I had reference to the out-and-out bigotry displayed by our fellow man in their inveterate urge to tar-and-feather some victim of their choice ... and to run them out of town on a rail ...

Rogers demonstrates the point, "The scientific basis for the link between smoking and lung cancer is beyond dispute."

So is the link between baked potato consumption and lung cancer, but more so! You pretend that statistical analysis is some sort of cause-and-effect "fact" which "proves" your contention; i.e., that tobacco smoke causes lung cancer. That sort of self-blinkered understanding is exactly the attitude I meant; my point.

Indeed, and since the occurence of lung cancer is ONLY statistically greater for tobacco smokers than it is for non-smokers, the tobacco bigots have to infer (read: lie like the creeps they are) second-hand smoke is causing non-smokers to get cancer!

As mentioned, automobile/truck/plane/lawnmower (ad nauseam) exhaust is orders more carcinogenic than has been proven about tobacco! Yet, only tobacco is singled-out for demonization and its users dehumanized - not the omnipresent exhaust that pollutes *EVERYONE'S* air 24 hours a day, day after day, year after year ... and who benefits from erecting scarecrows to allow US to continue killing future generations for the convenience of the automobile?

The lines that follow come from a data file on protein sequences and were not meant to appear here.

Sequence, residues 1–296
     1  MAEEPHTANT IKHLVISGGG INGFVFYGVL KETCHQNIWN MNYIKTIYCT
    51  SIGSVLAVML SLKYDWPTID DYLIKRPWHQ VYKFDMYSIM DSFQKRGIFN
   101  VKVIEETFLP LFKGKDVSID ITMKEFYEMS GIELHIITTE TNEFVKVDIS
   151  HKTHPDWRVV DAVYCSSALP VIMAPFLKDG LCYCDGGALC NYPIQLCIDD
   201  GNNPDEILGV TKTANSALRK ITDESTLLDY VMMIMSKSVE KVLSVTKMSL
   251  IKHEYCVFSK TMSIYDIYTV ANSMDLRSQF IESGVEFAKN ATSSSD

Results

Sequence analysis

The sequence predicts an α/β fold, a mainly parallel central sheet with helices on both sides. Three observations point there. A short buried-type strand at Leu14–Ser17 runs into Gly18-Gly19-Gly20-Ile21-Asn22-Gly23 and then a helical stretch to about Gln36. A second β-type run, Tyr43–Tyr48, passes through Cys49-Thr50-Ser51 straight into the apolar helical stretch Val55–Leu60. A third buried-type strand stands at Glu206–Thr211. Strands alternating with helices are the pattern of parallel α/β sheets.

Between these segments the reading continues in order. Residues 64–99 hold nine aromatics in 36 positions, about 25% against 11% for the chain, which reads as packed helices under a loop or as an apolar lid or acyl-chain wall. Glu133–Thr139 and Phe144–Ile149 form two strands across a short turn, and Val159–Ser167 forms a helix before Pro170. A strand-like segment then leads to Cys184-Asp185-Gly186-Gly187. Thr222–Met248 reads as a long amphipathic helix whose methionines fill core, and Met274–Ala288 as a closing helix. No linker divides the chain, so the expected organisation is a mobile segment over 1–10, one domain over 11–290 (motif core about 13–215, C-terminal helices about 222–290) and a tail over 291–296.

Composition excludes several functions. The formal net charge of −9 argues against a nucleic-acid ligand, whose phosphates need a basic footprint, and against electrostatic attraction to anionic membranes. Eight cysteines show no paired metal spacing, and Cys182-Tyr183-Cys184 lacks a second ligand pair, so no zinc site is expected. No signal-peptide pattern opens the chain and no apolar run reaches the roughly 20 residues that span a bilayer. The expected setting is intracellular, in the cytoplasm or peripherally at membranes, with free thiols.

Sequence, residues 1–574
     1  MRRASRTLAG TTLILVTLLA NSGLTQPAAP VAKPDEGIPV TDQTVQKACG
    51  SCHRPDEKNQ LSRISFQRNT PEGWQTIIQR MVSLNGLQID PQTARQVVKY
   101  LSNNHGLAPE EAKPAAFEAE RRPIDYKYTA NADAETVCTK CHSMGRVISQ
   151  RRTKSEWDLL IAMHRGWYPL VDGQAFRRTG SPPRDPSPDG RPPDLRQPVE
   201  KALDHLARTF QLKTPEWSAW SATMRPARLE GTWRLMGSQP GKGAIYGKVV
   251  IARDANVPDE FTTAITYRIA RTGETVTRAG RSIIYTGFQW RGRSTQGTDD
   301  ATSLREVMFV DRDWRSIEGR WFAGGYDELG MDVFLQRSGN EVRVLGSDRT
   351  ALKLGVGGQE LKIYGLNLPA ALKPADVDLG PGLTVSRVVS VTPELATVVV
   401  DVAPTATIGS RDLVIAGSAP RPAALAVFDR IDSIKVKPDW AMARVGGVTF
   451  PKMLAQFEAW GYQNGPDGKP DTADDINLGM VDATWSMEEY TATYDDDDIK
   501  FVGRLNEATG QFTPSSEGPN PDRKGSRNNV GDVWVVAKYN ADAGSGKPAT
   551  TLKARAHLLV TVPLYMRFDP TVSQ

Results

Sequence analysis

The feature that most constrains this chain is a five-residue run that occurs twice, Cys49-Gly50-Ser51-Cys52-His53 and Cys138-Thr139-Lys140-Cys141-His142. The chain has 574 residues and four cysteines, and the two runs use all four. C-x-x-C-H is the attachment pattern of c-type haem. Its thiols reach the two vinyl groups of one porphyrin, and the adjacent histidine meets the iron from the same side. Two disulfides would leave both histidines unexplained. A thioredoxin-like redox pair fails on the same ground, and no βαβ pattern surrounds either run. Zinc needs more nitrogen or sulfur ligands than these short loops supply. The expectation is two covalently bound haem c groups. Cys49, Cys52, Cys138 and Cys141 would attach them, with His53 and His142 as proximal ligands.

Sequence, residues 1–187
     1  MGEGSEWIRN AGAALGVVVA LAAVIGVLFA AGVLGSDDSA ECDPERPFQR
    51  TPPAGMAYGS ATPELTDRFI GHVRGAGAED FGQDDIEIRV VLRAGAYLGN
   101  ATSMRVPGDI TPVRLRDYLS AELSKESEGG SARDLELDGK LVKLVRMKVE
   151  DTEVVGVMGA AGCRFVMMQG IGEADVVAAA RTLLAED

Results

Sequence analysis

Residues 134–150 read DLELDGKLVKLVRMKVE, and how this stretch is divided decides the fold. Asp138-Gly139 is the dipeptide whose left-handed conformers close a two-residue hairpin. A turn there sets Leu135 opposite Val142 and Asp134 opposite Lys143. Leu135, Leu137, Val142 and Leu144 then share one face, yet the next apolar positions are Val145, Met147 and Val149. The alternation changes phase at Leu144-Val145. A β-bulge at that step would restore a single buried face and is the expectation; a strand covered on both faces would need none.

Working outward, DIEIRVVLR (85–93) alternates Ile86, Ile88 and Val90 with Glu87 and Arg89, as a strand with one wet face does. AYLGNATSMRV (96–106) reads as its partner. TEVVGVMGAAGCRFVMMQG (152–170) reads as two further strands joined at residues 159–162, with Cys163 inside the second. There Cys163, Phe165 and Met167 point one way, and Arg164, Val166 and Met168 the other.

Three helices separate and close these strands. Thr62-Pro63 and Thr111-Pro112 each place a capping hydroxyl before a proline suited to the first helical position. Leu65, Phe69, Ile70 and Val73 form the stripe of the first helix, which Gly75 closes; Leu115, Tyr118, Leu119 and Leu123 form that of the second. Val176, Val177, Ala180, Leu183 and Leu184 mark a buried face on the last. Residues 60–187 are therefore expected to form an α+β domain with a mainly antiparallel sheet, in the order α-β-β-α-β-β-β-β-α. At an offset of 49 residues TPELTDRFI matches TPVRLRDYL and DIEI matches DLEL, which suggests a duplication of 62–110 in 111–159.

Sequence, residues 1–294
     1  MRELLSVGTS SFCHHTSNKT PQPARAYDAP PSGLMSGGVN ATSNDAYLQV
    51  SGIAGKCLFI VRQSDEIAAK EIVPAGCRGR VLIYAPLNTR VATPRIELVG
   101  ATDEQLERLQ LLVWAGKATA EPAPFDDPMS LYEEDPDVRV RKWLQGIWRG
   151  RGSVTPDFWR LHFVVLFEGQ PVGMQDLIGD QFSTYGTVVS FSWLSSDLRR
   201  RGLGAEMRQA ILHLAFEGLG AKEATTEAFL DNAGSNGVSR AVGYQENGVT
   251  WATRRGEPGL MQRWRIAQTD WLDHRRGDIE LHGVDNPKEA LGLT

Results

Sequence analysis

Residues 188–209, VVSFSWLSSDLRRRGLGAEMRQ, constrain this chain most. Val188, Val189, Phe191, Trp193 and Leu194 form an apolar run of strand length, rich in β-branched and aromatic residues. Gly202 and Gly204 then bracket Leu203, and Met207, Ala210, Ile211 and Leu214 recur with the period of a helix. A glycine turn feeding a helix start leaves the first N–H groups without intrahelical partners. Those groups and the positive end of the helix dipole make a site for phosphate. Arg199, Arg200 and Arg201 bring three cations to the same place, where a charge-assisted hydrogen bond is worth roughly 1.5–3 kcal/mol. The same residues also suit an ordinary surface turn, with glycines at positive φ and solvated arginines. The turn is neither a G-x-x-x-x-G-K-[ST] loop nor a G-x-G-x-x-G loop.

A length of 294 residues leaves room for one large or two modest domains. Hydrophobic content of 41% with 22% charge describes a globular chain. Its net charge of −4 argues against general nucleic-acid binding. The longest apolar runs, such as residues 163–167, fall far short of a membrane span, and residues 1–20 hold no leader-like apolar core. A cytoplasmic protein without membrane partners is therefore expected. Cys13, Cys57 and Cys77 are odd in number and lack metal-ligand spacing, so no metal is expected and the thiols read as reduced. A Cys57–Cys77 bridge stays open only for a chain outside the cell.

Lawyers, insurance companies, state governments and special interests ... not the "victims" of the internal combustion engines (90% of lung cancers,) "evil" tobacco (9% greater chance of lung cancer,) or the lowly baked potato (less than 1% among other statistically stupid causes,) ... and maybe anyone ever exposed to some cleaning product or another, like the potentially "evil" glycerine soap!?!

Rogers gets mathematical, "Cigarette smoking causes 87 percent of all lung cancer deaths, according to the National Cancer Institute, citing its study 'SEER Cancer Statistics Review, 1975-2001.'"